If you are lost in a desert island, what is the
book you would most like to have with you? G.K. Chestertonís
choice is quite down-to-earth Ė Thomasís Guide to Practical
As in the case of Chesterton, books give us
access to knowledge and guidance. Books also provide us
entertainment and, sometimes, even become our close friends.
Books as teachers and guides
As a source of knowledge and guidance, books
reign high. "Reading is to the mind what exercise is to the
body," says Sir Richard Steele. And J Collier advises, "A man
may as well expect to grow stronger by always eating as wiser by
Such advice is not surprising if we listen to
Aldous Huxley, who says, "The proper study of mankind is books."
Nodding, Thomas Carlyle adds, "The true university of these days
is a collection of books." Further, Tony Benn views bookshops as
the one university everyone can enter while Lord Samuel defines
a library as thought in cold storage. And a success story comes
from Dylan Thomas, who reveals, "My education was the liberty I
had to read indiscriminately and all the time, with my eyes
"I would never read a book if it were possible
to talk half an hour with the man who wrote it," declares
Woodrow Wilson. So would we! However, there can be various
barriers between the writer and us Ė say geographical barriers
(the writer living in another country) or time barriers (the
writer being dead) Ė that make such half-an-hour conversations
improbable or even impossible. So the next best option available
is to read their books. "A good book is the precious life-blood
of a master spirit," says John Milton, "embalmed and treasured
up on purpose to a life beyond life." And Rene Descartes
reveals, "To read good books is like holding a conversation with
the most eminent minds of past centuries and, moreover, a
studied conversation in which these authors reveal to us only
the best of their thoughts."
Books for entertainers
The dazzling entertainment potential of books is
known only to the "bookworms". Mary Wortley Montague says, "No
entertainment is so cheap as reading, nor any pleasure so
lasting." The power of books is reflected in Amy Lowellís
All books are either dreams or swords,
You can cut, or you can drug, with words.
Books offer us the opportunity to live many
lives instead of one. "It is not true that we have only one life
to live," says Hayakawa, "if we can read, we can live as many
more lives and as many kinds of lives as we wish." However, not
all find reading entertaining. For example, Will Rogers
complains, "I never was much on this Book Reading, for it takes
Ďem too long to describe the colour of the eyes of all the
Books as friends
Books can be close friends. "Outside of a dog, a
book is a manís best friend," Groucho Marx says, "and inside of
a dog itís too dark to read." For some, books are better friends
than real friends. "A good book is the best of friends, the same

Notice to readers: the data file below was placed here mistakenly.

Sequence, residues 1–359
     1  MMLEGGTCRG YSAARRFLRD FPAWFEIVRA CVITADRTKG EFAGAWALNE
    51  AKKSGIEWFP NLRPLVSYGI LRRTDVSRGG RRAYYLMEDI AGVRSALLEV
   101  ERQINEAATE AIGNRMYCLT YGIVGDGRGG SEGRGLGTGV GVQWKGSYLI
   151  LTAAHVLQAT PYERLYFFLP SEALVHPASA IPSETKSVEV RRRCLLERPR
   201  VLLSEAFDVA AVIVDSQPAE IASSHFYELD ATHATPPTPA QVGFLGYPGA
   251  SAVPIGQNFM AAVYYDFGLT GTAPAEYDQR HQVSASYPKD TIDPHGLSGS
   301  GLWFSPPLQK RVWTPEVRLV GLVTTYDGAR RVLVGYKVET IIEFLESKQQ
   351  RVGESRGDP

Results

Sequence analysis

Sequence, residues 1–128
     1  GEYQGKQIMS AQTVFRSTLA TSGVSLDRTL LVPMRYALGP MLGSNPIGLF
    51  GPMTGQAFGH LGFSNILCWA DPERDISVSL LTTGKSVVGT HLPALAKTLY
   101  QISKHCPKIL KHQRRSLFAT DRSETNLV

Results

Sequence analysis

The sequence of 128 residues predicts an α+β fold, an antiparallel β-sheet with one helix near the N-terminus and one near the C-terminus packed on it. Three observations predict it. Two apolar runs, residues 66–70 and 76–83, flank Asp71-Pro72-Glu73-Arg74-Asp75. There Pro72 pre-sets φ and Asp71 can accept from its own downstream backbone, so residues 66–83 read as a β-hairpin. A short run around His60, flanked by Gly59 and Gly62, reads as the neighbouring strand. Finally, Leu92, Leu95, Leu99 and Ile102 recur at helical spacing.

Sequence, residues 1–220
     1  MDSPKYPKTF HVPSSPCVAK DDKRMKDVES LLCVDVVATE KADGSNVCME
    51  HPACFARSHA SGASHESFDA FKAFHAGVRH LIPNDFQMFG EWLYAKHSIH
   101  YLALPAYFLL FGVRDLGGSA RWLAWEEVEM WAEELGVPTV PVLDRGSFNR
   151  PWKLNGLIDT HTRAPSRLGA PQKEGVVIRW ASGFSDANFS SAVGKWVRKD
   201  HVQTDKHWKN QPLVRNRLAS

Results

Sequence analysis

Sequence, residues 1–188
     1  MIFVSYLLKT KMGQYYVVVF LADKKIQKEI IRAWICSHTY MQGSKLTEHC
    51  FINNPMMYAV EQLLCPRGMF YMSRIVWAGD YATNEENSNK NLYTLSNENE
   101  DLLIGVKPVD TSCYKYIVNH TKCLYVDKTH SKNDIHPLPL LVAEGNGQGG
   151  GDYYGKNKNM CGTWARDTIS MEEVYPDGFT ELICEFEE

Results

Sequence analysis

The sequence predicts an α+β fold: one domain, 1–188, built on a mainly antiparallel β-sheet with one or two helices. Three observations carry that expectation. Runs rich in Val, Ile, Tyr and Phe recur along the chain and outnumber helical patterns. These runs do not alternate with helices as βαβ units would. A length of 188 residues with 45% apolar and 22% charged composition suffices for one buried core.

today and forever," reveals Martin Tupper. And Thomas Carlyle
praises his books as friends that never fail him.
"When I am reading a book, whether wise or
silly, it seems to me to be alive and talking to me," describes
Jonathan Swift. Not surprising because, according to Walter
Savage Landor, "what is reading but silent conversation?" How
close books can become to us is reflected in Charles Kingsley
statement: Except a living man there is nothing more wonderful
than a book! A message to us from human souls we never saw`85.
And yet these arouse us, terrify us, teach us, comfort us, and
open their hearts to us as brothers.
Books can be dangerous
True, books can be good teachers and guides,
entertainers and friends. Be careful though!
"A dose of poison can do its work only once,"
observes John Murray, "but a bad book can go on poisoning
peopleís minds for any length of time." However, Voltaire
disagrees, "I know many books which have bored their readers,
but I know of none which has done real evil". Supporting him is
Gunter Grass, who claims that even bad books are books and
Sir Arthur Helps warns, "Reading is sometimes an
ingenious device for avoiding thought." Nodding, Charles Lamb
admits, "I love to lose myself in other menís minds. When I am
not walking, I am reading; I cannot sit and think. Books think
for me." However, Umberto Eco disagrees on this point, saying,
"We know that books are not a way of letting someone else think
in our place: on the contrary, they are machines that provoke
Too much reading can also be dangerous as you
may lose contact with the rest of the society. Listen to George
Gordon Byron, who claims, "If I could always read, I should
never feel the want of society." Meanwhile, Moliere warns,
"Reading and marriage donít go well together." As an anonymous
bookworm says, "Book lovers never go to bed alone." And thereís
solid evidence. For example, Nancy Banks-Smith observes, "Agatha
Christie has given more pleasure in bed than any other woman",
while Harold MacMillan confesses, "I like to take a Trollope to
bed, but if one is not available, I will settle for a Wodehouse."
A balance between books and life
So itís important to strike a balance between
books and life. Can we agree with Logan Pearsall Smith, who
comments, "People say life is the thing, but I prefer reading"?
Perhaps more sensible is Julian Barnes, who observes, "Books
say: she did this because. Life says: she did this. Books are
where things are explained to you; life is where things
arenít`85 Books make sense of life. The only problem is that the
lives they make sense of are other peopleís lives, never your
"Books are good enough in their own way,"
observes Robert Louis Stevenson, "but they are a mighty
bloodless substitute for life." Meanwhile Edward Bulwer-Lytton
warns, "Master books, but do not let them master you. Read to
live, not live to read." And finally, Lin Yutang sums up, "The
wise man reads both books and life itself."